Case Definition: Brevetoxin

Clinical description

Brevetoxins are a group of similar neurotoxic compounds which are tasteless and odorless. Although toxicity can result from inhalational, dermal, or oral exposure, the most common route of exposure is by oral ingestion of contaminated shellfish. Illness from oral ingestion is characterized by a combination of gastrointestinal and neurologic signs and symptoms. Gastrointestinal symptoms include abdominal pain, vomiting, and diarrhea. Neurologic signs and symptoms include paresthesias, reversal of hot and cold temperature sensation, vertigo, and ataxia. Inhalational exposure may cause respiratory symptoms such as cough, dyspnea and bronchospasm (1-4). Brevetoxin can also cause illness in aquatic wildlife.

Laboratory criteria for diagnosis (5-10)

  • Biologic: The detection of brevitoxins or their metabolites in clinical specimens. There is limited analytical capability to detect selected brevitoxins or their metabolites in urine by immunoassay.
  • Environmental: Brevetoxins can be detected in water and contaminated environmental samples by commercial laboratories using ELISA and LC-MS.

Case classification

  • Suspected: A case in which a potentially exposed person is being evaluated by health-care workers or public health officials for poisoning by a particular chemical agent, but no specific credible threat exists.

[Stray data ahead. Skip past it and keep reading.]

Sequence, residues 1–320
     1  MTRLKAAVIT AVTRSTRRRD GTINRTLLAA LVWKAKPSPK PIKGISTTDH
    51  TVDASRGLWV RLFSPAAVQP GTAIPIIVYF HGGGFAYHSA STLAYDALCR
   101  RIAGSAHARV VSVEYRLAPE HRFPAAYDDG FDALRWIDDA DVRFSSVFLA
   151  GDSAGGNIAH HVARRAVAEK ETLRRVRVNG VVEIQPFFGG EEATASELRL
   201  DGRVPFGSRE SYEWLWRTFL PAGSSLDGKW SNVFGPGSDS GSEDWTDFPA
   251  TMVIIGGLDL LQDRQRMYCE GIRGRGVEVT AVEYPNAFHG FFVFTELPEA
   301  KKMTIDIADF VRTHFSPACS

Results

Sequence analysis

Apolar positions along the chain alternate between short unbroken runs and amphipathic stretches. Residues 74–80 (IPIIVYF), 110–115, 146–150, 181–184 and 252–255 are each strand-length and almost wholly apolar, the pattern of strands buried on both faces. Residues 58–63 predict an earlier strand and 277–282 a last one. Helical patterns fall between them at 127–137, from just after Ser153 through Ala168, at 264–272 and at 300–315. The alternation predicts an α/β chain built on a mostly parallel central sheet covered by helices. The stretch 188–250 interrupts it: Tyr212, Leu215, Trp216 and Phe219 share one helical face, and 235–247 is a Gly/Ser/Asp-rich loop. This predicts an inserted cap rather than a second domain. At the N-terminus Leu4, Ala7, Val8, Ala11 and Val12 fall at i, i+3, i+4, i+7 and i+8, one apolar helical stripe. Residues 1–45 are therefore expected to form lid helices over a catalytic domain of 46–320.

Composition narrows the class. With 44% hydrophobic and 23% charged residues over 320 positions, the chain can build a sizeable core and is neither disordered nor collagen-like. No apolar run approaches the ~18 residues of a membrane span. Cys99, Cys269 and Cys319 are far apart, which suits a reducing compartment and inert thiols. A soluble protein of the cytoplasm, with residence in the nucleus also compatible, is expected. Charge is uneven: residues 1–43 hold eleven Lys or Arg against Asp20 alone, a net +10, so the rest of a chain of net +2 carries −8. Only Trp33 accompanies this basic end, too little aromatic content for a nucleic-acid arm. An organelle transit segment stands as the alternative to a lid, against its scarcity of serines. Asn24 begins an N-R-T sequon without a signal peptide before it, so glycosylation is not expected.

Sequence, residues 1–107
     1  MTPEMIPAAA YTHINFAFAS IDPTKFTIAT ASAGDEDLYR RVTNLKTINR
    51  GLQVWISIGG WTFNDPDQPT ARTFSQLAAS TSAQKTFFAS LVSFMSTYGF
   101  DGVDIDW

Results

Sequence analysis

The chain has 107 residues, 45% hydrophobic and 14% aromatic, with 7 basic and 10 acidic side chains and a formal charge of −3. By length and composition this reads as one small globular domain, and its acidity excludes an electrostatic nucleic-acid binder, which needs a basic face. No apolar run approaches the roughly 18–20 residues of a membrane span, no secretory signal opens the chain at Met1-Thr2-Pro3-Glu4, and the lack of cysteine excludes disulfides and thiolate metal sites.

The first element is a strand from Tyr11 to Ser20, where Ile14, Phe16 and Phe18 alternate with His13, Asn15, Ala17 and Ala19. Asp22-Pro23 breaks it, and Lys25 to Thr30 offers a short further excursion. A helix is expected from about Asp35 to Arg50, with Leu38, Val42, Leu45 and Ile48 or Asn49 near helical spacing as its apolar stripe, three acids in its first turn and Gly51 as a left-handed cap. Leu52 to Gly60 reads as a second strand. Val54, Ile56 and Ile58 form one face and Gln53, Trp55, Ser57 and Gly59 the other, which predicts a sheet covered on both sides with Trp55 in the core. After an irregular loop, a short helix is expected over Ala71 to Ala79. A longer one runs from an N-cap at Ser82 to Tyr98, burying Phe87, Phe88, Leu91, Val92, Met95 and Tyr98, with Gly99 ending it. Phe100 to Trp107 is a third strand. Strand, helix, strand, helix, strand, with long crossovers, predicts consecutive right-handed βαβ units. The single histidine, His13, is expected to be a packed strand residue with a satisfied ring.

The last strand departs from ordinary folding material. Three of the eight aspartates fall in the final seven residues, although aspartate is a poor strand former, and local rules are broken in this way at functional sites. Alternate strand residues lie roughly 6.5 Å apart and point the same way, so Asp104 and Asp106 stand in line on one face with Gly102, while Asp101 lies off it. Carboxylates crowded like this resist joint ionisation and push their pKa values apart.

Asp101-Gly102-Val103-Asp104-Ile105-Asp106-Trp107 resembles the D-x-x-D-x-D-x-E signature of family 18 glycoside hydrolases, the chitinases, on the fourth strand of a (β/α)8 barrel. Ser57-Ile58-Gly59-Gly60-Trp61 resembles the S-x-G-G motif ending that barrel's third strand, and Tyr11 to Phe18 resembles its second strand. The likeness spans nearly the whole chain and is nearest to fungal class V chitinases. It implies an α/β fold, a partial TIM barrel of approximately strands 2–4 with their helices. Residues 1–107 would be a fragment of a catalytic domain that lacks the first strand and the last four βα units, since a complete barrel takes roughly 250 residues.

• Probable: A clinically compatible case in which a high index of suspicion (credible threat or patient history regarding location and time) exists for brevetoxin exposure, or an epidemiologic link exists between this case and a laboratory-confirmed case.
  • Confirmed: A clinically compatible case in which laboratory tests on environmental samples are confirmatory.

The case can be confirmed if laboratory testing was not performed because either a predominant amount of clinical and nonspecific laboratory evidence of a particular chemical was present or the etiology of the agent is known with 100% certainty.

Additional resources

  1. Tunik MG. Chapter 45. Food Poisoning. In: Hoffman RS, Nelson LS, Goldfrank LR, Howland MA, Lewin NA, Flomenbaum NE, eds. Goldfrank’s Toxicologic Emergencies. 9th ed. New York: McGraw-Hill; 2011.
  2. Baden DG, Bourdelais AJ, Jacocks H, Michelliza S, Naar J.Natural and derivative Brevetoxins: Historical Background, Multiplicity, and Effects. Environ Health Perspect2005;113(5): 621-625.
  3. Fleming LE, Kirkpatrick B, Backer LC, et al. Initial evaluation of the effects of aerosolized Florida red tide toxins (brevetoxins) in persons with asthma. Environ Health Perspect 2005;113(5):650-7.
  4. Watkins SM, Reich A, Fleming LE, Hammond R. Mar Drugs 2008;6(3):431-4553. Plakas, SM and Dickey RW. Advances in Monitoring and Toxicity Assessment of Brevetoxins in Molluscan Shellfish. Toxicon 2010;56: 137-149.
  5. Abraham A, Plakas SM, Flewelling LJ, El Said KR, Jester EL, Granade HR, White KD, Dickey RW. Biomarkers of Neurotoxic Shellfish Poisoning. Toxicon 2008;52: 237-245.
  6. Poli MA, Musser SM, Dickey RW, Eilers PP, Hall S. Neurotoxic shellfish poisoning and brevetoxin metabolites: a case study from Florida. Toxicon 2000;38:981-93.
  7. NIOSH. NIOSH manual of analytical methods [online]. 2003. [cited 2013 Apr 5]. Available from URL:
  8. OSHA. Sampling and analytical methods [online]. 2010. [cited 2013 Apr 5]. Available from URL: icon.
  9. FDA. Food: Laboratory methods [online]. 2013. [cited 2013 Apr 5]. Available from URL: icon.
  10. EPA. Selected analytical methods: chemical methods query [online]. 2013. [cited 2013 Apr 5]. Available from URL: icon.
Page last reviewed: April 4, 2018